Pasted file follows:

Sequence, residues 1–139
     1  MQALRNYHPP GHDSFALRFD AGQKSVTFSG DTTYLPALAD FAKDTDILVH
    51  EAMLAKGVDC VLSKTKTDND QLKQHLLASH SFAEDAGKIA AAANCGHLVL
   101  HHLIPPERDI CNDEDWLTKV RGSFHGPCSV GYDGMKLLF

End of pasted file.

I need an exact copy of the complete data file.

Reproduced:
Sequence, residues 1–139
     1  MQALRNYHPP GHDSFALRFD AGQKSVTFSG DTTYLPALAD FAKDTDILVH
    51  EAMLAKGVDC VLSKTKTDND QLKQHLLASH SFAEDAGKIA AAANCGHLVL
   101  HHLIPPERDI CNDEDWLTKV RGSFHGPCSV GYDGMKLLF